Air Source Heat Pumps vs Natural Gas Furnaces
When it comes to heating your home, heat pumps and gas furnaces are both popular options. Each system works differently, and each comes with its own set of pros and cons. While traditional furnaces burn fossil fuels to produce heat, heat pumps use electricity to collect and transfer heat from the air or the ground.
In this post, we’ll take a closer look at the comparison between air source heat pumps vs natural gas furnaces to help you decide the best heating option for your home.
Air Source Heat Pump vs. Natural Gas Furnace: A Comparison
It’s helpful to understand how each of these systems works before comparing heat pumps and furnaces. Let’s look at some of the specifics.
Air Source Heat Pump
An air-source heat pump consists of the following components:
- an indoor unit,
- an outdoor unit
- a refrigerant line connecting the two units
- a compressor
- reversing and expansion valves to change heating and cooling modes
As the outside temperature drops, an air source heat pump absorbs heat energy from the outside air and transfers it to the indoor air. In the outdoor unit, the heat energy is absorbed by the liquid refrigerant and turned into a cold gas.
The compressor applies pressure to heat up the cold gas. When the gas travels into the indoor unit, it is then condensed into warm liquid. As this warm liquid enters the outdoor unit, it is relieved of pressure and cools down to repeat the cycle.
Natural Gas Furnace
The critical components of a gas furnace include:
- a burner
- heat exchangers
- a blower fan
- ducts to circulate hot air
When you increase the temperature on your thermostat, the burners inside your furnace’s combustion chamber ignite and burn natural gas to produce heat. This, in turn, heats up the heat exchanger. The blower fan moving air around the heat-exchanger is what sends hot air throughout your home.
When you are looking for the right heating solution for your home, the most common worries include installation costs, equipment performance, energy efficiency, maintenance, and life expectancy. Based on these key aspects, here is a side-by-side comparison of air-source heat pumps vs. natural gas furnaces:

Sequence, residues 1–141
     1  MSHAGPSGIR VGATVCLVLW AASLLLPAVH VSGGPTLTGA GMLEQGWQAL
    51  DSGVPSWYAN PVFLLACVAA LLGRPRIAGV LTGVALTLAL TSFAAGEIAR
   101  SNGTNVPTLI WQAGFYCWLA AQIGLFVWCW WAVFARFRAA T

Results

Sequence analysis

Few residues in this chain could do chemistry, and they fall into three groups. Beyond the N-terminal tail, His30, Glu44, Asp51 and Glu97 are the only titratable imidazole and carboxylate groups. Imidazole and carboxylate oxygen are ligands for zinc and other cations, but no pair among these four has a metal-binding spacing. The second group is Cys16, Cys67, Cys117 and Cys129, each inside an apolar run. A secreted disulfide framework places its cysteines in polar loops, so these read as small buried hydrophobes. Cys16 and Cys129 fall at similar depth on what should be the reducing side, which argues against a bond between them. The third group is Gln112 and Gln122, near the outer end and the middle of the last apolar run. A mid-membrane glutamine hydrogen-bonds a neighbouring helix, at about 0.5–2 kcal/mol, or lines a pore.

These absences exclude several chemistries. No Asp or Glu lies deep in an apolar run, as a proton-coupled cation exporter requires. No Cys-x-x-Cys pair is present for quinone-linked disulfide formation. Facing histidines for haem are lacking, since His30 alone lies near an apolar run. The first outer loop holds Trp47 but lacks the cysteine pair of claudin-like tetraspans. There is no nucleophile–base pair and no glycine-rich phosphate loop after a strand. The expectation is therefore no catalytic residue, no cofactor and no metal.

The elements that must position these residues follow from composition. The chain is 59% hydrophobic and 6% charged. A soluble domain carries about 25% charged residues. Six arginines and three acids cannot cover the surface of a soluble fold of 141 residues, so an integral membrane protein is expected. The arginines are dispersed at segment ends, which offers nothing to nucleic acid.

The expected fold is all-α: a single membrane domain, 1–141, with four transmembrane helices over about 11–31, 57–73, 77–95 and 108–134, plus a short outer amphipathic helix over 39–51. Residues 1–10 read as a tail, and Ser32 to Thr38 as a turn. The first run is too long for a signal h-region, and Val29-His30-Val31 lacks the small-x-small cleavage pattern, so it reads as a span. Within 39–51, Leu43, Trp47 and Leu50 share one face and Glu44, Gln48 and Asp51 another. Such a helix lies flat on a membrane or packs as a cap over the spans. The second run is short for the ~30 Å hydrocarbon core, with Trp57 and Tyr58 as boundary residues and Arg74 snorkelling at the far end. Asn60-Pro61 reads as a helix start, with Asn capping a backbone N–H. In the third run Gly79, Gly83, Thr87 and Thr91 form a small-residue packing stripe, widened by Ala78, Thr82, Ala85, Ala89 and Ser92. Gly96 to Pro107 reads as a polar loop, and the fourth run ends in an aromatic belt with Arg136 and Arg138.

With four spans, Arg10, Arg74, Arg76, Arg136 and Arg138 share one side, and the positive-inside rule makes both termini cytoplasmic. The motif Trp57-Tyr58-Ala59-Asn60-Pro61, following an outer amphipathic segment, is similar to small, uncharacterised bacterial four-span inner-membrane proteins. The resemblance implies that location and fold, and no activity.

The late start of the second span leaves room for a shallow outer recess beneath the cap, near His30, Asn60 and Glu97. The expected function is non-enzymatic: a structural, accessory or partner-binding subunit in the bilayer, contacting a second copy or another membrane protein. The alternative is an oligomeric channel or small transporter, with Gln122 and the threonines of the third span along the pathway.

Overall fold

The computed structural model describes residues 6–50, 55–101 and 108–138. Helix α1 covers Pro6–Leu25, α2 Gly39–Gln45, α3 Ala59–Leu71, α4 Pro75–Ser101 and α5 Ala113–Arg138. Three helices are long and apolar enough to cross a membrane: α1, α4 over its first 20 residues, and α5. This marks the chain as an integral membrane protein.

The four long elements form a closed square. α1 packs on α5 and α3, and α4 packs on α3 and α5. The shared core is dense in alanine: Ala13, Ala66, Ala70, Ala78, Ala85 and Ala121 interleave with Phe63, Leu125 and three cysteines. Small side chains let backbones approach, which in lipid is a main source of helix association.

|Feature||Air-Source Heat Pump||Natural Gas Furnace|
|Installation cost||The upfront installation costs are higher for heat pumps than replacing a gas furnace. However, in the long run, a heat pump generally costs less to operate than a furnace.||A number of factors can affect the cost of installing a natural gas furnace, including the available natural gas lines running to your home, existing ductwork, and your new system’s configuration.|
|Performance||Heat pumps are more likely to work better in moderately cold temperatures.||A natural gas furnace can continue to generate heat in freezing temperatures.|
|Energy Efficiency||Though electric, heat pumps use less energy and heat more efficiently than gas furnaces. An air-source heat pump can provide up to three times more heat energy than the electric energy it consumes.||Natural gas is cheaper than electricity. However, in SoCal’s moderately cold temperatures, gas furnaces are not always cost-effective. ENERGY STAR-certified gas furnaces for the southern half of the U.S. are up to 11% more efficient than standard models.|